We’re expecting the James Webb team to drop its processed images of Saturn anytime now. In the meantime, though, an unofficial feed of raw images from the telescope has given us our first look at the Near Infrared Spectrograph (NIRSpec) images captured of the ringed planet, and they’re absolutely mind-blowing.
The raw images are all available on the unofficial JSWT Feed website, and while they aren’t as colorful as the final processed images that we expect the official team to drop, there are a few really great pieces you need to see for yourself in the raw photo dump.
Of course, let’s set some expectations before we really start digging into them. Because these haven’t been cleaned up, there is a lot of noise. And, of course, there’s not really any coloring or anything to them. In fact, many of them are just white glowing blobs with pieces sticking out of them, like a flashlight as it reflects off something shiny. However, there are a few really great images of Saturn that stand out.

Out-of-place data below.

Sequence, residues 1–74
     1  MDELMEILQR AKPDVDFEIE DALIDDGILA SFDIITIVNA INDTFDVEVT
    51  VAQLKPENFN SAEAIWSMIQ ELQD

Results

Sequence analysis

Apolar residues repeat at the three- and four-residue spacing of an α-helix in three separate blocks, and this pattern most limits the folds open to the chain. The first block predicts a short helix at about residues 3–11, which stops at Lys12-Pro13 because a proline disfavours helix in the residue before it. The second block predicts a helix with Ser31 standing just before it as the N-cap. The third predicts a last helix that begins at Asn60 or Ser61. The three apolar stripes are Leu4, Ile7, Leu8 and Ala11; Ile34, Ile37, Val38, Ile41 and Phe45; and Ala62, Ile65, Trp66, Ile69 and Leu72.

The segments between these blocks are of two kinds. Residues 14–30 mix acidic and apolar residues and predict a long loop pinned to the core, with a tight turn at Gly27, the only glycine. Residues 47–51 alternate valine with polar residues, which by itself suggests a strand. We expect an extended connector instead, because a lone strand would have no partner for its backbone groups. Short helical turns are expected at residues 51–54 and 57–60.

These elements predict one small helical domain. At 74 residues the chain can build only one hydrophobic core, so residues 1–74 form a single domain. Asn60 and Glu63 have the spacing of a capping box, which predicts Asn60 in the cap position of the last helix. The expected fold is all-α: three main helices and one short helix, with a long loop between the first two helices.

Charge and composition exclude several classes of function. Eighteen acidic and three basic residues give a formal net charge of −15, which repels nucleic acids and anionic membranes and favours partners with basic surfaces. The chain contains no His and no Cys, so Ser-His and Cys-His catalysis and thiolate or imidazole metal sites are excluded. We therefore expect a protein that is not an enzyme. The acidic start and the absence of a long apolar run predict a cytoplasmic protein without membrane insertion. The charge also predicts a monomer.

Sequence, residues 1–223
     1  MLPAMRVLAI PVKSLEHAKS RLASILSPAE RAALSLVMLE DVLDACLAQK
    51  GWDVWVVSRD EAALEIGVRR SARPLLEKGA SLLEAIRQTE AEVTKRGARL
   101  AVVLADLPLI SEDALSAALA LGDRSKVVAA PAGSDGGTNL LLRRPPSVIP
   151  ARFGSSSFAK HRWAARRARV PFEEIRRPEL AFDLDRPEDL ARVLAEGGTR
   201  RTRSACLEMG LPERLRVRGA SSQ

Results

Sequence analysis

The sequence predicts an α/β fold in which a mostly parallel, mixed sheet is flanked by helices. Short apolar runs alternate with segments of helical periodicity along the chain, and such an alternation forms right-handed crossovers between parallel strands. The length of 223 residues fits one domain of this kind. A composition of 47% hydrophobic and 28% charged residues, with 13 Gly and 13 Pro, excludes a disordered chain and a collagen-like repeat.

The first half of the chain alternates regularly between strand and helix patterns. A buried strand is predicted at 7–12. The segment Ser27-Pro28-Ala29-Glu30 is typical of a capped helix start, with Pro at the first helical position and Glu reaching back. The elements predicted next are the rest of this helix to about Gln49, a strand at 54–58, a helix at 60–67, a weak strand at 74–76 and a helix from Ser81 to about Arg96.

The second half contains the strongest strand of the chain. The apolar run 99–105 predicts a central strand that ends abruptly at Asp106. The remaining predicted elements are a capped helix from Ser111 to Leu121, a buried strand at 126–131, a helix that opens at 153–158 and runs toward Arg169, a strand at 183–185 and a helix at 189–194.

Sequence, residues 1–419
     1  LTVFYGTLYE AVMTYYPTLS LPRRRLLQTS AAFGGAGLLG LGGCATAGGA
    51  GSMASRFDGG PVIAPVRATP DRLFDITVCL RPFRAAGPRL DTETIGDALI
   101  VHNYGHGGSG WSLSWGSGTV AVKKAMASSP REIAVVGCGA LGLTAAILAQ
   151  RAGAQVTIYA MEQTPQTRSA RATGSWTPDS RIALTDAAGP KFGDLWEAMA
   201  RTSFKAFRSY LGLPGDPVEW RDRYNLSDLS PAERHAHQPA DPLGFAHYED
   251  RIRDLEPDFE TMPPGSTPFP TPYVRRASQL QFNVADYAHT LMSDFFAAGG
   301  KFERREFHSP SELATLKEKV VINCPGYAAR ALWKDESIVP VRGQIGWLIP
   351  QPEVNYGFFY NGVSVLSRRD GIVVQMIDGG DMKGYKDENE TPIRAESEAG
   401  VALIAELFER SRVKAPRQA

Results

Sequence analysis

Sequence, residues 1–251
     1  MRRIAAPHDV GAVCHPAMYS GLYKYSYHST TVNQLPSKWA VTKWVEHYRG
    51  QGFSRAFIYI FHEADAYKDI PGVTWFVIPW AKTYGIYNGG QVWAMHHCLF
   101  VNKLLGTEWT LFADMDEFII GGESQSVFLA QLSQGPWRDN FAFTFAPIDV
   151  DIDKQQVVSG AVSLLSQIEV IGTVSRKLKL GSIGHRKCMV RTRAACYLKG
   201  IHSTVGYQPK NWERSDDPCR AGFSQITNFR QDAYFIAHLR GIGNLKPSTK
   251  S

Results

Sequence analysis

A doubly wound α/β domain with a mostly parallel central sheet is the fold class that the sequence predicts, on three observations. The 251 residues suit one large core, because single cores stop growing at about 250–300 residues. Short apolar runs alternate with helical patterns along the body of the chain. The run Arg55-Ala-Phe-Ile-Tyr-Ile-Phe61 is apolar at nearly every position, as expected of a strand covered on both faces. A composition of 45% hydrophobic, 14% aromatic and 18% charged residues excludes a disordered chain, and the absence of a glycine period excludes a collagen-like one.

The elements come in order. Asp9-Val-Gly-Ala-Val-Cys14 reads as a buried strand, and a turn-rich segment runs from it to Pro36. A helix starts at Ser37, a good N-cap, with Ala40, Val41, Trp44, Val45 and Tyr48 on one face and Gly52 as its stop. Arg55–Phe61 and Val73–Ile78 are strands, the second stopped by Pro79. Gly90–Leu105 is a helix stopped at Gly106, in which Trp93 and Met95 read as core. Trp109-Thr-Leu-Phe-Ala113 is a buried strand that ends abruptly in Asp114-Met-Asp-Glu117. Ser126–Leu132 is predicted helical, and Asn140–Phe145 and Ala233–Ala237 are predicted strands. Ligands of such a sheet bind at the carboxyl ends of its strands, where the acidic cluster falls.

One of the most striking images of Saturn captured by Webb this time around is of the planet’s ring, glowing in a sea of darkness. You can barely make out the outline of the planet within the ring, but the ring glows exceptionally bright compared to everything else. This is most likely because Saturn’s rings and the planet itself glow at different wavelengths.
This first image is taken with a longer wavelength of infrared and near-infrared. However, another set of images features the planet as it is seen through shorter wavelengths. This allows us to see the cloud bands that can be found on Saturn. Both sets of images are absolutely striking and will no doubt lead to mind-blowing final products.
For the time being, though, these raw images taken of Saturn by James Webb are still just as hard to believe as Webb’s first images were.